Firefox Users Spar Over Memory-Management Issues
    Firefox's appetite for memory is a long-standing sore spot for some users -- and Mozilla engineer Ben Goodger's recent blog post, attributing many of their complaints to the browser's new page caching feature, left the matter far from settled.

    Chinese Net Rules Not Unusual, Says Official
    A Chinese government official begs to differ with criticism of his country's Internet censorship policies: Its rules, he insists, are actually based on those used in the United States and elsewhere.

    Apple Bites Back Against OS X Hacker
    At least for the time being, Apple has lost its battle to keep OS X tied to the company's own hardware -- and now, Apple is apparently looking to make an example out of the hacker who was one of the first to accomplish the feat.

    Negroponte Leaves MIT Media Lab
    MIT Media Lab co-founder Nicholas Negroponte has stepped down as the lab's chair; his replacement, tech entrepreneur Frank Moss, may usher an era of closer relations with the private sector and a greater focus on applied-research projects.

    Google Buys Blog Analytics Service
    Google Inc. has bought Measure Map, an online analytics tool for blogs. The amount was not disclosed.

    State Department Launches Internet Freedom Task Force
    Responding to a request for help from Google, Microsoft and Yahoo, the U.S. State Department has established a task force to look at the challenges of dealing with repressive regimes such as China's.

    Editor's Picks

    Firefox Essentials: Getting To Know Your Profile
    Your Firefox profile can take months to create -- and minutes to lose. We'll explain what's in your profile, where to find it, what can go wrong with it, and how to bounce right back from even the most serious profile problems.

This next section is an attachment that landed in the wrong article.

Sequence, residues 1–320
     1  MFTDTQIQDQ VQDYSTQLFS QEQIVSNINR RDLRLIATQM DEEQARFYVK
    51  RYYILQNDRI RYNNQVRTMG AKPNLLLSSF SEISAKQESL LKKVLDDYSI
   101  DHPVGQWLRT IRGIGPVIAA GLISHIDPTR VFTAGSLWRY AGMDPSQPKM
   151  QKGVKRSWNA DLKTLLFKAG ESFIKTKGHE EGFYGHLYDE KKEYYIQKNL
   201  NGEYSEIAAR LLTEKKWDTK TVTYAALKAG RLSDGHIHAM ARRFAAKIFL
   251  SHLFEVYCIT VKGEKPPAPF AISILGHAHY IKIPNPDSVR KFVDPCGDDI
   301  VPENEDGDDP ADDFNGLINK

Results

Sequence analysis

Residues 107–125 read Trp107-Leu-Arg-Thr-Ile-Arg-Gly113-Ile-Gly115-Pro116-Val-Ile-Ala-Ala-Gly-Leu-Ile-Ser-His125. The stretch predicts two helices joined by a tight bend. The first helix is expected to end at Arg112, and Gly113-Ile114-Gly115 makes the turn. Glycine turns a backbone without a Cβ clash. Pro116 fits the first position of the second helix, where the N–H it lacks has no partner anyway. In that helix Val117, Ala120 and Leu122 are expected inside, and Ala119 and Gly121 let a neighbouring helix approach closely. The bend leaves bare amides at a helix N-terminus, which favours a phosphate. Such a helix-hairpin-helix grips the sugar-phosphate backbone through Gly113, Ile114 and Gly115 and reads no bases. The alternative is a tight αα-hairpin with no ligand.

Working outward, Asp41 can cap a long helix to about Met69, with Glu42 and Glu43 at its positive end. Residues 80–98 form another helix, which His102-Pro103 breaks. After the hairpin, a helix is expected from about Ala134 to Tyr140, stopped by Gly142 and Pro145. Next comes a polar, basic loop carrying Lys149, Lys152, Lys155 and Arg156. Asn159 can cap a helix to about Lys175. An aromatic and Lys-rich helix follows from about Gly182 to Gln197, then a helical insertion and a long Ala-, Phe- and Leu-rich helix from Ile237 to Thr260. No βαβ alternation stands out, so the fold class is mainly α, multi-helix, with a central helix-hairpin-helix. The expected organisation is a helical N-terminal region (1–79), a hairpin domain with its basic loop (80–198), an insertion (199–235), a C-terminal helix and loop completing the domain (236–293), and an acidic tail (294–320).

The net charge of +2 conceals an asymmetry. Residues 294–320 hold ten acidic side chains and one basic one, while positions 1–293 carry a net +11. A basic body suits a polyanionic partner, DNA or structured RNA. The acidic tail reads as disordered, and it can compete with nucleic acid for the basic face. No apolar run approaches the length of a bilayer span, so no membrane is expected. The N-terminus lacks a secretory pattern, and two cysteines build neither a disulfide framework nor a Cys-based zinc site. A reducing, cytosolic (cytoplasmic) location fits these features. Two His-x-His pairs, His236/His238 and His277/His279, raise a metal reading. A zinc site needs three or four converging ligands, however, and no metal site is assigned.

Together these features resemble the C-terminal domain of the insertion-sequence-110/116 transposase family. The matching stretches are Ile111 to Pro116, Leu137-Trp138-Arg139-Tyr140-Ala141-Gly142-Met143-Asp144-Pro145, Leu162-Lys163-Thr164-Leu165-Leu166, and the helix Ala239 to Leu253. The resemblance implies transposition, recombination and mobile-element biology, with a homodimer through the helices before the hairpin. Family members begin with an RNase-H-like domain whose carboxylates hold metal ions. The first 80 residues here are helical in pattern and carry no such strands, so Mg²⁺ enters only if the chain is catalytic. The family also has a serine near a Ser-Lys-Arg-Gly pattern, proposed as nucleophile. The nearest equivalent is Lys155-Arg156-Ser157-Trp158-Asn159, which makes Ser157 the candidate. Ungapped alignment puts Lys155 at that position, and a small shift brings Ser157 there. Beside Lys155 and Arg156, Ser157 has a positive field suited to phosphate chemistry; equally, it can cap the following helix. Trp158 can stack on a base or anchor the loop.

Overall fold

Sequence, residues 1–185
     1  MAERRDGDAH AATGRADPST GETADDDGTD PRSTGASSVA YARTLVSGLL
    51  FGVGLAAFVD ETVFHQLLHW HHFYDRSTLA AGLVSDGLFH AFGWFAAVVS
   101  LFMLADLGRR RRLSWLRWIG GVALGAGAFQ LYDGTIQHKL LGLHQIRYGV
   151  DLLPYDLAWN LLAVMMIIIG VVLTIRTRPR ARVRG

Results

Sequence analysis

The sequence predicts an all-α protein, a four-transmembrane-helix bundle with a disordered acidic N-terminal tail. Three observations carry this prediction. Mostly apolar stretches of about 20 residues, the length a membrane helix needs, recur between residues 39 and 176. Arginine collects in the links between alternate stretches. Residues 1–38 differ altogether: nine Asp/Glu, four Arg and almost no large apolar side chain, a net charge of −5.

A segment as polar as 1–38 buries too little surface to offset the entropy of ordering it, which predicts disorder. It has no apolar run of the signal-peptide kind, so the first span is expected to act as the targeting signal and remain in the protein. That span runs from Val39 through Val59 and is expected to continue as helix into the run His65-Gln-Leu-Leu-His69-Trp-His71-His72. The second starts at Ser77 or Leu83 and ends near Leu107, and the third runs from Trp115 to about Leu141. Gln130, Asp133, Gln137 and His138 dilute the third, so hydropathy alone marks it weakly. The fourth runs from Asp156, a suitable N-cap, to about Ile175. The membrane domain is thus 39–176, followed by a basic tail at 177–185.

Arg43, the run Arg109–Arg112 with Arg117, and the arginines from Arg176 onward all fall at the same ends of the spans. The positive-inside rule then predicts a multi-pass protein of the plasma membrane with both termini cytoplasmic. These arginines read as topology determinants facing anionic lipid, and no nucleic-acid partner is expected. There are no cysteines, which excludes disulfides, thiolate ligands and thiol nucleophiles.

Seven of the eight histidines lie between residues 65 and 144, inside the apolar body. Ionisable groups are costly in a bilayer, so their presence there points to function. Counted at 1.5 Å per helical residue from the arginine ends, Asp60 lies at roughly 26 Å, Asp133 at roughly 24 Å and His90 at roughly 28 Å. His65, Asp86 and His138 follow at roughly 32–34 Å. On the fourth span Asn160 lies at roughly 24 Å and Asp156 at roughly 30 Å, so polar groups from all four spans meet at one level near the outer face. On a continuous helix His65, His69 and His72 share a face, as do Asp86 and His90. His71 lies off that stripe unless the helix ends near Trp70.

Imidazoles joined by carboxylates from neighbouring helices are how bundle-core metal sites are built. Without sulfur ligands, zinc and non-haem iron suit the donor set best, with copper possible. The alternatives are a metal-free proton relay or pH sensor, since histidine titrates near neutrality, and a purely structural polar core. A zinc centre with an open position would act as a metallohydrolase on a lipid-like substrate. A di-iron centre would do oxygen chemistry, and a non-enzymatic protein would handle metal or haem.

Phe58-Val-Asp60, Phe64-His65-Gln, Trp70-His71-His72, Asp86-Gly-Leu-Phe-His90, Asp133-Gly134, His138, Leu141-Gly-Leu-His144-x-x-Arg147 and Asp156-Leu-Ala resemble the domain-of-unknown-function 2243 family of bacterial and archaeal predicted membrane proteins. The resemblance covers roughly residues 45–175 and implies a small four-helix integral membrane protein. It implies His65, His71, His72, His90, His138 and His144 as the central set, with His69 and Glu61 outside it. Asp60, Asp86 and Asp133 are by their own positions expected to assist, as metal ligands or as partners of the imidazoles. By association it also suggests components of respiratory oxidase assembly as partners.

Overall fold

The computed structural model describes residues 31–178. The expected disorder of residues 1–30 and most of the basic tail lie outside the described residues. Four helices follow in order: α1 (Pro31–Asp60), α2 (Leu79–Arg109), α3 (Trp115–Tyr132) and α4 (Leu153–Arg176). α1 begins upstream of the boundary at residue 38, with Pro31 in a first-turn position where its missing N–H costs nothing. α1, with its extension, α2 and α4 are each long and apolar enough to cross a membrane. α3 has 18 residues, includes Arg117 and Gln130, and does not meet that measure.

Former FCC Chairman Powell: Net Neutrality 'Doing Great'
    Two years after his "Internet Freedoms" address, now-private citizen Michael Powell says net neutrality is a fact of life -- and the telecom industry's posturing has more to do with playing the game than with trying to change the rules.

    Firefox 2.0: This Time, It's All About The Interface
    Firefox 2.0, expected early in the third quarter, is turning its attention from nuts-and-bolts platform development to giving users the UI of their dreams -- and to giving Internet Explorer 7 at least as good as it gets.

    Open-Source Oracle: A Sign Of The Times
    With its purchase of Sleepycat, Oracle is the latest commercial-software behemoth to adopt a new paradigm: It's far more profitable to work with open-source developers than it is to work against them.

    Unix, Linux Firms Focus On Security As Selling Point
    Rivals Sun, Red Hat, and Novell try to one-up one another--and Microsoft--with news of new security certifications and other security enhancements for their respective Unix- and Linux-based platforms.

    Voting Booth: Is DRM DOA?

    Cast Your Vote Now!
    This is the final week for our poll asking what you think about the Sony BMG Entertainment case and its possible impact on the use of digital rights management (DRM) technology. Will Sony's deal settling the class-action lawsuits filed against it scare the rest of the industry straight? Don't miss out -- cast your vote!